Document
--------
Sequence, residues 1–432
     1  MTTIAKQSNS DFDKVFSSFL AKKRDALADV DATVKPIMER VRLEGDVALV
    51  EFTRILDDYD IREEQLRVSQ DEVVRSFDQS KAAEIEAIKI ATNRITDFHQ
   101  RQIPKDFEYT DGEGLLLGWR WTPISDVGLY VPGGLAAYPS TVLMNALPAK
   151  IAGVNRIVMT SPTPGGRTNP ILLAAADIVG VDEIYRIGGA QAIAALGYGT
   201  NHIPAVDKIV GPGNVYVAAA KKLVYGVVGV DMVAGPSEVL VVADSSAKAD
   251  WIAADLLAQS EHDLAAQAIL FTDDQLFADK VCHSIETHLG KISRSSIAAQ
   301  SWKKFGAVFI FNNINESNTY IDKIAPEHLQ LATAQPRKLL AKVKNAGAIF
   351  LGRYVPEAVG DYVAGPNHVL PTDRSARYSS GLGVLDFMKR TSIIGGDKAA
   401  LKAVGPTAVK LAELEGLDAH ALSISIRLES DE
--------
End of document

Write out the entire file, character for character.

Sequence, residues 1–432
     1  MTTIAKQSNS DFDKVFSSFL AKKRDALADV DATVKPIMER VRLEGDVALV
    51  EFTRILDDYD IREEQLRVSQ DEVVRSFDQS KAAEIEAIKI ATNRITDFHQ
   101  RQIPKDFEYT DGEGLLLGWR WTPISDVGLY VPGGLAAYPS TVLMNALPAK
   151  IAGVNRIVMT SPTPGGRTNP ILLAAADIVG VDEIYRIGGA QAIAALGYGT
   201  NHIPAVDKIV GPGNVYVAAA KKLVYGVVGV DMVAGPSEVL VVADSSAKAD
   251  WIAADLLAQS EHDLAAQAIL FTDDQLFADK VCHSIETHLG KISRSSIAAQ
   301  SWKKFGAVFI FNNINESNTY IDKIAPEHLQ LATAQPRKLL AKVKNAGAIF
   351  LGRYVPEAVG DYVAGPNHVL PTDRSARYSS GLGVLDFMKR TSIIGGDKAA
   401  LKAVGPTAVK LAELEGLDAH ALSISIRLES DE